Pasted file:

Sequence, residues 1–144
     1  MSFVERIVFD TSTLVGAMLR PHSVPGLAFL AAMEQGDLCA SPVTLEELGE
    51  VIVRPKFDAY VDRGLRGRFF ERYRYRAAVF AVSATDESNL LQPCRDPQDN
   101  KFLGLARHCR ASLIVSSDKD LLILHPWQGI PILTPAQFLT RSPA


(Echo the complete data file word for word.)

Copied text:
Sequence, residues 1–144
     1  MSFVERIVFD TSTLVGAMLR PHSVPGLAFL AAMEQGDLCA SPVTLEELGE
    51  VIVRPKFDAY VDRGLRGRFF ERYRYRAAVF AVSATDESNL LQPCRDPQDN
   101  KFLGLARHCR ASLIVSSDKD LLILHPWQGI PILTPAQFLT RSPA